Photos and Video
The American small town is one of the oldest and most reliable muses in film, earning depictions as everything from a Capraesque wonderland of idealism to a Lynchian nightmare of tragic exploits. Tim Daly and Clark Mathis give the muse fresh appeal by merging extremes to somber effect in their assured directing debut. Molly (Vinessa Shaw) is an amateur photographer who swears off car travel after her fiancé Joel is killed by an elderly driver while jogging. As she walks everywhere in her Vermont town, often down the middle of the road, she sees the townspeople's sickeningly methodic lives as never before. Privately, she listens to Joel's last phone messages every night and constantly feels his presence. In public, Molly assumes an expressionless façade that hides the anguish from her smothering mother, too-young sister, and passive-aggressive boss, never letting on that losing Joel meant losing touch with the temporal world. The tempest brewing in her soul finds release through a volatile young man (Tim Blake Nelson) and his uncle (Tim Daly), the town troublemakers whose white trash existence couldn't be further from Molly's austere upbringing, but to whose aura of danger Molly is drawn as a respite from her own quiet desperation. Shaw's achingly ambivalent performance anchors this quiet work while Nelson's gleeful recklessness provides a subtle touch of levity. Daly adds an air of foreboding in front of the camera. Behind it, he and Mathis frame the Vermont countryside as a picture postcard, but it's an image whose tranquility appears profoundly misleading upon closer inspection.
Director's Statement Collapse
We were drawn to this story because it was an unsentimental, unique, and often humorous view of a woman's struggle with grief. In Western culture we lack a roadmap for grieving once the initial flurry of family and friends bearing deli trays ends. Our goal was to explore the truth of what can happen when powerful emotions go unexpressed. One of our biggest challenges was that Molly lived in every frame of the film. How do we spend so much time with her character and still maintain a cinematic distance and mystery? Luckily, while it was our first time directing, it was not our first collaboration. As actor and cinematographer on several projects we realized the only way we were going to have a chance at pulling this off was to strip away the traditional production machinery and give our actors as much time and freedom as possible to tell our story.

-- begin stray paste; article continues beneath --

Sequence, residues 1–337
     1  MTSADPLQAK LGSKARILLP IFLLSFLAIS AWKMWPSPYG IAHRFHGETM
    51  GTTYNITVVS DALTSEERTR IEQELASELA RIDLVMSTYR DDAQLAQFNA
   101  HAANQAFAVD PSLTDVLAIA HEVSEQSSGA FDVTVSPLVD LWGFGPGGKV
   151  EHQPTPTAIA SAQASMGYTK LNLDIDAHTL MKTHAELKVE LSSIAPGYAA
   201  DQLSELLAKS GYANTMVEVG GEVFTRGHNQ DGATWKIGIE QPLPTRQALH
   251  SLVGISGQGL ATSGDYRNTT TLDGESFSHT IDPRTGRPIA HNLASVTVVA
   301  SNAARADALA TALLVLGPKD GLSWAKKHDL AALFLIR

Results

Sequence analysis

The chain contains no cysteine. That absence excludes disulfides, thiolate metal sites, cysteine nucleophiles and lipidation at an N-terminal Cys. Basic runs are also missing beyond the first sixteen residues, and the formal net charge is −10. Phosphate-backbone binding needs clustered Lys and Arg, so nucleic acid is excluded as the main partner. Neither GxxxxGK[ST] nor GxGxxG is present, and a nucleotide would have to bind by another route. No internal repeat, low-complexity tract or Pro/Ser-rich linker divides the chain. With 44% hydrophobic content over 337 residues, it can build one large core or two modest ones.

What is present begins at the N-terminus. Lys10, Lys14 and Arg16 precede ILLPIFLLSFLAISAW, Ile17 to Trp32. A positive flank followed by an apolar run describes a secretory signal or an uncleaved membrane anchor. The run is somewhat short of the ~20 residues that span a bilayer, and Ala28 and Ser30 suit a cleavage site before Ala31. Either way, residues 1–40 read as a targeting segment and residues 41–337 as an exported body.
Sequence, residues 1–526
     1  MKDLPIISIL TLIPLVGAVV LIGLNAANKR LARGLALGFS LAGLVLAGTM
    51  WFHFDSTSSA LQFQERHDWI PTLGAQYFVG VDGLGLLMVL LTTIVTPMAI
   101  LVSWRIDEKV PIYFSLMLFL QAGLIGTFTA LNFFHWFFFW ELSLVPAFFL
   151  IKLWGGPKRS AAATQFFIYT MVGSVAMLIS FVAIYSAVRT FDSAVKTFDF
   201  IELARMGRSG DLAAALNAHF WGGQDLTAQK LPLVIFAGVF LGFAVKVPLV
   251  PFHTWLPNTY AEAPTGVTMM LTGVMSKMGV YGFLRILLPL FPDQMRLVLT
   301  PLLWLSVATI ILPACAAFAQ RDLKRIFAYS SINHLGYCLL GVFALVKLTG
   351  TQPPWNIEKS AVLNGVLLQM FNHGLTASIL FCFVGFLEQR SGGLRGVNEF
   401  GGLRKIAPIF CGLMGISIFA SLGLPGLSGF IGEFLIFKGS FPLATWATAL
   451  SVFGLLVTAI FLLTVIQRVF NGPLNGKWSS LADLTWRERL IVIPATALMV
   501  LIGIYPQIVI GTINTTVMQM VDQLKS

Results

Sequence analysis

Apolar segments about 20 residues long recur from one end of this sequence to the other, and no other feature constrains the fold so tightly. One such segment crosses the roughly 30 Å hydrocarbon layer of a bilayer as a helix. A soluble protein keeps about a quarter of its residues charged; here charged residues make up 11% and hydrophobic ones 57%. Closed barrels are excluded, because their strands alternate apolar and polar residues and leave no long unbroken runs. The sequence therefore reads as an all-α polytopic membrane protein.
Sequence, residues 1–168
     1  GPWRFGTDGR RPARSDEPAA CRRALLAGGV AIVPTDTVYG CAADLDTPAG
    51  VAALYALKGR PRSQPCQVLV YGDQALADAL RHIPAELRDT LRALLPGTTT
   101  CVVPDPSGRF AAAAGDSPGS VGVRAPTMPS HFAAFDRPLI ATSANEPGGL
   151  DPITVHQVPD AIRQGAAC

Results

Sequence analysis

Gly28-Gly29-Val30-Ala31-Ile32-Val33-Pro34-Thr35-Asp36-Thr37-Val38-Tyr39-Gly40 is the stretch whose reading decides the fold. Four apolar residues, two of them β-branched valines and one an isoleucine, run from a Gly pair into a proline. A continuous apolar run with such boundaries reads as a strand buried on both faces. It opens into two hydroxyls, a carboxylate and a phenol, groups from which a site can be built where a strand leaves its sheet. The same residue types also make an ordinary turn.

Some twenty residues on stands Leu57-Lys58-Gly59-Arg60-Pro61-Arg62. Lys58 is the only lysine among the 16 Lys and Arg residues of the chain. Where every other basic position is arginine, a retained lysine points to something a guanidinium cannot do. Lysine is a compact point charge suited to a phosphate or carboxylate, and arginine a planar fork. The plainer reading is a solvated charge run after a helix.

Film Information Collapse
[BEREF] | 2004 | 98 | Narrative Feature
Foreign Title: (Bereft)
About the Director(s)Collapse
Tim Daly recently completed filming director Bille August's Return to Sender (2005). His other acting film credits include Against the Ropes (2004), Basic (2003), The Object of My Affection (1998), Denise Calls Up (1995), and Barry Levinson's Diner (1982). Through his production company, Red House Entertainment, Daly produced and starred in Seven Girlfriends (1999), Execution of Justice (1999), and Edge of America (2003), which opened the 2004 Sundance Film Festival and screens here at Tribeca. His television credits include the series Wings (1990-1997), The Fugitive (2000), and HBO's From the Earth to the Moon (1998). Daly has received Theatre World, Drama Logue, and GLAAD awards, and, in 2001, was nominated for TV Guide and SAG Best Actor awards for The Fugitive. Clark Mathis has been a professional cinematographer for 14 years. In 2003, he became one of the youngest cinematographers ever nominated for the American Society of Cinematographers Award for his work on Birds of Prey (2002). His ability to convey a story visually and emotionally is grounded in his experience working as an editor for ABC News while still in high school. Mathis has photographed both studio and independent features. He recently completed Edge of America (2003), The Perfect Score (2004), and is currently shooting director Don Roos' Happy Endings (2004).